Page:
I read with interest Nuclear Power: Debate for the '80s (Aug. 20) and the accompanying editorial by Peter Newman. Both link the accident which occurred at Chalk River, Ontario, in 1952, to the recent “Three Mile Island nightmare.” Not clear from their comments, however, was the fact that the Chalk River accident occurred at an early stage in the development of nuclear reactors during an experiment which required temporary changes to the cooling system. This limited the cooling capacity and increased the reactor’s vulnerability to accident. In contrast, the accident at Three Mile Island involved a commercial power-production reactor of different design, presumably set up and operated according to U.S. standards. While it is possible to conclude that the Chalk River accident shows the same thing could happen here, it is also possible, given the good safety record of Canadian reactors, to conclude that Canadians learned their early nuclear safety lessons better. Or are we still reluctant to believe that Canadians can do first-class work in advanced technical fields?
A.W. TICKNER, OTTAWA
Your feature article on nuclear power impressed me by its incredible bias. I don’t know who or what Warren Gerard is, but obviously he is clearly committed to the “against” side of the debate. Let’s look at some comparisons. How many people were killed in aircraft accidents in the first quarter century after the Wright brothers’ first flight in 1903? How many people have been killed in automobile accidents over the years? Of course there will be a major nuclear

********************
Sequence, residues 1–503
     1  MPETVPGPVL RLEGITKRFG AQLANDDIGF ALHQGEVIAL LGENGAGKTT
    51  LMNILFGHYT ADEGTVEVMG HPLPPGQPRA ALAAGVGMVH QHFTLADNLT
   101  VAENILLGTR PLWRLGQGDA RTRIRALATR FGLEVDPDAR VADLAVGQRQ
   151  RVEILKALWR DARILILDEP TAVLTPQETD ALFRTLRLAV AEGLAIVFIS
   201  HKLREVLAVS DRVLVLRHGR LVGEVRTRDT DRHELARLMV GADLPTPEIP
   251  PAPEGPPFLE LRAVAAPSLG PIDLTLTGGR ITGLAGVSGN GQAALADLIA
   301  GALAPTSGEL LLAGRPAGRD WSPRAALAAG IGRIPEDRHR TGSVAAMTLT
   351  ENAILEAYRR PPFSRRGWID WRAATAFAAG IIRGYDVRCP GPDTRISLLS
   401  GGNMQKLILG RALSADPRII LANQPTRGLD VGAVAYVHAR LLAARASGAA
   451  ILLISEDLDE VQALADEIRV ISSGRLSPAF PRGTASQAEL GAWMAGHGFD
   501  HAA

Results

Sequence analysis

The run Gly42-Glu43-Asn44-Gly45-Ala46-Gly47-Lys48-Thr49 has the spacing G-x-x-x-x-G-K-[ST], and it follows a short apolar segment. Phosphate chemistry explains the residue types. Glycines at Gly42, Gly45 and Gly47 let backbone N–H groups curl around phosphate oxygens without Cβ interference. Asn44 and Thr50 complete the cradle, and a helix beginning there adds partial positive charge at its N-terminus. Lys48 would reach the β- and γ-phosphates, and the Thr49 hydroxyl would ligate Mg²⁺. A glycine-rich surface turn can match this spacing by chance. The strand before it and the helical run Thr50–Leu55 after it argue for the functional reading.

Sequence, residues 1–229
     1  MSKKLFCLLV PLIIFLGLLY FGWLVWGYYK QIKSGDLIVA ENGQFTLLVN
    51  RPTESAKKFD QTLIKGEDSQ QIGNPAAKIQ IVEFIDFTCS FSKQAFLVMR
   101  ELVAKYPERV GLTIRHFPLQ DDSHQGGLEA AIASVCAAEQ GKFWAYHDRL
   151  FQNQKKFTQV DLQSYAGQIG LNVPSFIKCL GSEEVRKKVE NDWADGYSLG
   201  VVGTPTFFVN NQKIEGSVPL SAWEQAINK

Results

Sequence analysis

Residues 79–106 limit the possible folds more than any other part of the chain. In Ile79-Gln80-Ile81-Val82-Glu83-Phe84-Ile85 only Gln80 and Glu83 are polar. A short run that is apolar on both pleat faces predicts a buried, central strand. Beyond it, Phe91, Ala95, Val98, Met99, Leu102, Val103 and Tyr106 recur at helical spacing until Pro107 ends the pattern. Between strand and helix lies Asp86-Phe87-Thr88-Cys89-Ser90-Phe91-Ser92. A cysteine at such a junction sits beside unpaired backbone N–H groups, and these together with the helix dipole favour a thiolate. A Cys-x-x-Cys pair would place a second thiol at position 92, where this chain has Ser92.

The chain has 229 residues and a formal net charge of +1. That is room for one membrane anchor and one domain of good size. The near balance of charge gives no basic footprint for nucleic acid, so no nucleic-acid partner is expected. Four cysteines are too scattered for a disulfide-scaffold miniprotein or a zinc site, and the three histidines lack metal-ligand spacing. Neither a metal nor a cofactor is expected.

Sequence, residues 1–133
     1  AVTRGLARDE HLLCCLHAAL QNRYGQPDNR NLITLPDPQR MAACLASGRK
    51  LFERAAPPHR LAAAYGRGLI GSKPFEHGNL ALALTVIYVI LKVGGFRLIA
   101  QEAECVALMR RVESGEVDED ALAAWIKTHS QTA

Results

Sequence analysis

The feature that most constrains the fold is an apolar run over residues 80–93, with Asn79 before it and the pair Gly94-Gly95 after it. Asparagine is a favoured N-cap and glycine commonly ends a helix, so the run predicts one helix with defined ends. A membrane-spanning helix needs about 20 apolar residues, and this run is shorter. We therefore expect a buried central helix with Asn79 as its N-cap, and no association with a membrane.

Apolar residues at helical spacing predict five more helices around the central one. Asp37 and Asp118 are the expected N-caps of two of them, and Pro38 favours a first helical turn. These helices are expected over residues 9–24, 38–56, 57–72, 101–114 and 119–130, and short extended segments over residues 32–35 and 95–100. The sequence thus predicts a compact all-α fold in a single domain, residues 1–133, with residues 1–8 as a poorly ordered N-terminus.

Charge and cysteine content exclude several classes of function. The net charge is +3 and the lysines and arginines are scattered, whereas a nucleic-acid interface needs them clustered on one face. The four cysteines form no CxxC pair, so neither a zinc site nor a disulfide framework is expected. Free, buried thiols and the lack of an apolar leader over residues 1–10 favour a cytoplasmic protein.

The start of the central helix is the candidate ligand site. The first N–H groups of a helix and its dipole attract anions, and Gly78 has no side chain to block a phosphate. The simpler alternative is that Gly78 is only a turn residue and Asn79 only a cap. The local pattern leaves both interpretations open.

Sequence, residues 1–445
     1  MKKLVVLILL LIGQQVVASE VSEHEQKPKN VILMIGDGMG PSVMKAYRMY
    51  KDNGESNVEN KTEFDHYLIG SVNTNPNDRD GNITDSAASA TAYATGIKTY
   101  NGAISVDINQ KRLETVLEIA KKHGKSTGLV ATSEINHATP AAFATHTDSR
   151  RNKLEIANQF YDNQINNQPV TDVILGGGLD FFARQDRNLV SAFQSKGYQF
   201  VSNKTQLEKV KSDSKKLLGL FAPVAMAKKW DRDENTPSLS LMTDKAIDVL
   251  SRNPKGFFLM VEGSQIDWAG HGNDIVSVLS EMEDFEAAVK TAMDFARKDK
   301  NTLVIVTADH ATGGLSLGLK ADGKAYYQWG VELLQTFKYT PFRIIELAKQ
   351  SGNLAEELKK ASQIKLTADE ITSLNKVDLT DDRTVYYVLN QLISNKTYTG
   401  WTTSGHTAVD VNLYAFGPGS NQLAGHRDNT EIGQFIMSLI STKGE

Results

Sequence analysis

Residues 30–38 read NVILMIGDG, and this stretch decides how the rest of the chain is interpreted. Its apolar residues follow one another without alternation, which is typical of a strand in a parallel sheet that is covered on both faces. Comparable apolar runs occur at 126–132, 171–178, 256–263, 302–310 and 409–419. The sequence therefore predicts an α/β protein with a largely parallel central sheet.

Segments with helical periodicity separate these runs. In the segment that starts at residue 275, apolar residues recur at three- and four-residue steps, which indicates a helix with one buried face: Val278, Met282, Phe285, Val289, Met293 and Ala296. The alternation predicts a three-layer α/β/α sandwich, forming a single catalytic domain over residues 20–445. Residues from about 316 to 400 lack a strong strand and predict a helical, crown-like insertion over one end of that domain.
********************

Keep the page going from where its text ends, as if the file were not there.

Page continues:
accident in the future. Undoubtedly hundreds of thousands will die. As for me and my family, I am happy to take my chances. Sure I want reasonable precautions to be taken, but no more than when I board an aircraft. I don’t want or intend to give up my present way of life. I believe I am no different from the majority who rarely speak out but who are prepared to take the inherent risks that we all must accept to maintain our very comfortable standard of living. If nuclear fission will help to solve our current energy problems, then let us use it to its full potential while seeking a better solution. We, the usually silent majority, are aware of and accept the risk.
DEREK N. DOCKING, PORT MOODY, B.C.
Wanna buy a duck?
Your article Out of the Bog a Nest to Last (Aug. 13) was rather interesting, but it is worth remembering, however, that in this day and age retaining some fragments of relatively natural environments often involves numerous trade-offs, some of which may be distasteful. Bob Waldon conveniently forgot that until recently duck hunters were among the few who put their money where their mouths were when it came down to realistically supporting habitat management programs. When waterfowl are “produced,” whether for consumptive or non-consumptive uses, most marsh inhabitants benefit. Waldon’s remarks quoted in the article can only be dismissed as poorly thought out, or at best naïve. There are many of us on the Prairies who appreciate both the bird watching and the waterfowling that these magnificent marshes provide.
P.M. BROWNE, REGINA
A win of omission
Your issue of Aug. 27 was one of the best in weeks because of an omission: Allan Fotheringham’s often brutish and tasteless column. Any chance of this omission becoming a regular feature?
BLAIR HICKEN, HALIFAX
I have been a subscriber to Maclean's magazine since 1930 and I wish to say that I found Allan Fotheringham’s column Here Comes Hunkie Power! For Joe Clark, Suddenly the Tongue Is on the Other Foot (June 4) absolutely disgusting!
W.A. SAKOWSKY, EDMONTON
Unions in the stew